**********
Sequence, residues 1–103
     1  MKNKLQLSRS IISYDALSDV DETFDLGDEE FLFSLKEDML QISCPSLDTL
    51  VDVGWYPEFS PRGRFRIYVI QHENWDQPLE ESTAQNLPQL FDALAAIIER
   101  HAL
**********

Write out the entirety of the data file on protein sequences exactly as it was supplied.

Sequence, residues 1–103
     1  MKNKLQLSRS IISYDALSDV DETFDLGDEE FLFSLKEDML QISCPSLDTL
    51  VDVGWYPEFS PRGRFRIYVI QHENWDQPLE ESTAQNLPQL FDALAAIIER
   101  HAL